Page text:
I'm well into two long term projects at the moment :
Drawing at dance speed : more action with the burnt stick.
I'm half way though a really exciting drawing project at the Opera House in Covent garden. This opportunity was kindly set up by the choreographer Freddie Opoku-Addaie, following a discussion we had about different kinds of craft. We talked about how craft skill can only be developed through passionate commitment, and how the crafts are all different but somehow the same because of that.
I absolutely jumped at this opportunity to draw at dance speed.
I have wanted to move my figurative work on from the static vibe of the 'life' room for some time. Life models know they will be asked to hold a pose for ages so all the poses end up looking a bit like Greek statues. This is possibly why some opinionistas are snotty about 'figurative' work, and why even more people seem to think 'photography does it better'.
I was so lucky to share the ROH rehearsal space with the four dancers : Eliisa Erävalo, Maria Olga Palliani, Hugh Stanier and Ruth Voon. It was a complete revelation to me, and such a priviledge to watch them build a rich and emotional story using nothing more than the articulation of their own bodies. It also helped me question all my assumptions about figure drawing. Dancing is at the same time like and unlike drawing. I worked in charcoal on a roll of brown kraft paper, and in the first session made just under 40 feet of drawings. But I still didn't cover anything like as much ground as the dancers did. Their work is physical and committed in a way that the best drawing is, but they do it with their whole bodies in defiance of gravity rather than just a burnt stick, in defiance of a blank piece of paper.
This work would not have been possible without the support of the Royal Opera House associate choreographer Freddie Opoku-Addaie and the dancers. Their piece, called "Absent Made Present" was commissioned by ROH2 and will be at the Linbury from 29 to 31 March 2012.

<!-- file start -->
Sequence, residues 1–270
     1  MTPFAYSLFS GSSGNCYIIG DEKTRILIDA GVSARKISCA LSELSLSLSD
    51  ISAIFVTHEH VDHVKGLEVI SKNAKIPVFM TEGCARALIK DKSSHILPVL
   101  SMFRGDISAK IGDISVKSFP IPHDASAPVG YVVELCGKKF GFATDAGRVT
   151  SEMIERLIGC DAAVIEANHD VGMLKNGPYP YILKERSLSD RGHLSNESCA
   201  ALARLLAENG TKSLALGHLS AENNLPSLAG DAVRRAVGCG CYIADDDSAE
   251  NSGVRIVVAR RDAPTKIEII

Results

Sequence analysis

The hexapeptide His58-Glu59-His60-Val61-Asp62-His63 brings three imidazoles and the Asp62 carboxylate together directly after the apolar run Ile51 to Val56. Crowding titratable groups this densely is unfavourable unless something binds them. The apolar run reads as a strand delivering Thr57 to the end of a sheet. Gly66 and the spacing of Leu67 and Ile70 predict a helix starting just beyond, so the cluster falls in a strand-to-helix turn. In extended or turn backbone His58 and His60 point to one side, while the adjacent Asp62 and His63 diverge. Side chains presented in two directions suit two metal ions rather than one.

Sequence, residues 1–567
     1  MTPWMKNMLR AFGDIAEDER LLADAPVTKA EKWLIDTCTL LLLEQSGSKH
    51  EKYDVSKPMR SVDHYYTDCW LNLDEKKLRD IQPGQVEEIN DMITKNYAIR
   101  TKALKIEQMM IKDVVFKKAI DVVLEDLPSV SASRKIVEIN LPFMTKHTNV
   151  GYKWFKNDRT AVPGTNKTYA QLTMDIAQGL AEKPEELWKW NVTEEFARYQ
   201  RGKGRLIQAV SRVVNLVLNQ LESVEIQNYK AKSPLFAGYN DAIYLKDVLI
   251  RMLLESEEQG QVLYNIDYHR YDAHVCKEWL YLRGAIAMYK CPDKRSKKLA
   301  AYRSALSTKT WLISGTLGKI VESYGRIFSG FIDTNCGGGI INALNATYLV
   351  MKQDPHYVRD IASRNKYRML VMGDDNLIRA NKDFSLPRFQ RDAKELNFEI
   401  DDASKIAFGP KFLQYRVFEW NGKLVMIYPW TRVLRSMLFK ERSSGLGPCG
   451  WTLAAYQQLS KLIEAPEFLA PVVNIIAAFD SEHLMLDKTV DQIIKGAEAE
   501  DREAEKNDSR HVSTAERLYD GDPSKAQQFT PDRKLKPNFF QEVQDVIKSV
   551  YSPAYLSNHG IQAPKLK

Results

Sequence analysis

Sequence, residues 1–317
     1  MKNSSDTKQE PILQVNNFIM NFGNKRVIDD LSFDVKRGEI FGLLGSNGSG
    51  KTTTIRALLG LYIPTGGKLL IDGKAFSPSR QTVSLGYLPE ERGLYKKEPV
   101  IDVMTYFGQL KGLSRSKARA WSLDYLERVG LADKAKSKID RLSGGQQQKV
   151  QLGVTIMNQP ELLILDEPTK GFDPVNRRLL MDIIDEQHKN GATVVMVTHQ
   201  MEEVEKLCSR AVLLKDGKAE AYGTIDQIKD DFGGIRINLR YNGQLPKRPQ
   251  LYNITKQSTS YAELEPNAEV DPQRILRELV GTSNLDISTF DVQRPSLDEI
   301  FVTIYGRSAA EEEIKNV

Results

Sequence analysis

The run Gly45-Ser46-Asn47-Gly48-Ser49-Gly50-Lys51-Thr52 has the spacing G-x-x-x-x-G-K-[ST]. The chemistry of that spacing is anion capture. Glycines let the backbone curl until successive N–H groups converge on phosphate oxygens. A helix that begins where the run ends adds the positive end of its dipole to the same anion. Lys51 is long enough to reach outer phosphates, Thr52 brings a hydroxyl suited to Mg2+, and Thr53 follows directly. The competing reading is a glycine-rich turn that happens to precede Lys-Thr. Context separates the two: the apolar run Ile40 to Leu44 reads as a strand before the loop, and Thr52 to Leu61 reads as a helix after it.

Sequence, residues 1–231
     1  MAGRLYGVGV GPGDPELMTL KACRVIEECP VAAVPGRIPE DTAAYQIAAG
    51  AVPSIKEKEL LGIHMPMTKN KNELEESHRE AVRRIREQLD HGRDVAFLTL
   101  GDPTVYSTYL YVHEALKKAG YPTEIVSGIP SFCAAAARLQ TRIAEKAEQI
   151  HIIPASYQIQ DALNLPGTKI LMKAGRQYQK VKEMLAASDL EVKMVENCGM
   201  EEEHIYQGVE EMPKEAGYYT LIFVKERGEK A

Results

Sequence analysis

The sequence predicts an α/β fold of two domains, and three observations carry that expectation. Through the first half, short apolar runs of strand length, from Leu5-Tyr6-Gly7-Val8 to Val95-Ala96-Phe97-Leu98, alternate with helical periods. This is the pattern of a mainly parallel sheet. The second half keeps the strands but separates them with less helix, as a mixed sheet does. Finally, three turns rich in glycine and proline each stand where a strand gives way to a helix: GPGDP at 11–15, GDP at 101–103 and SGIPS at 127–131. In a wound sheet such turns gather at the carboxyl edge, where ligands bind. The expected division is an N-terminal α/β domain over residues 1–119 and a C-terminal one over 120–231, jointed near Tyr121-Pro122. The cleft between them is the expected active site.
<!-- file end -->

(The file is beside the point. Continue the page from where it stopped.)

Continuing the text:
Supported by: The Place; The Point, Eastleigh; Southbank Centre; Jardin d'Europe; Dance in Devon; The Arts at Dartington; Stratford Circus.
The next project will be at least seven months in the making :
The Curious Cabinet of Lemmings (a working title, as they say).
Combining painting, object installation and film, this is a follow on show to "Such Stuff" at the end of last year. I've always loved music and theatre because their magic lives in a moment rather than an object or a place. Visual arts has an unhealthy obsession with retailing objects rather than connecting with audiences. I'd rather give a piece of work away to twenty people than sell it to one person because they believe it could have intrinsic (resale) value. So this show is planned as an event, where the audience brings the completion of the work.
I've been really enjoying the smell of oils in the studio again, I've been using the meditative pace of painting as a way to develop the narrative of the show.
I'm negotiating for a really interesting space in town to show it in, more an that to follow. So far I've nearly finished the first set of scenic paintings, which will establish the 'characters' in the story. These will be giving their stories to the installation and film. Now I'm about to spend the day making a big zoetrope with the real Grand Theatre of Lemmings. We'll probably tweet a few pics if it goes well.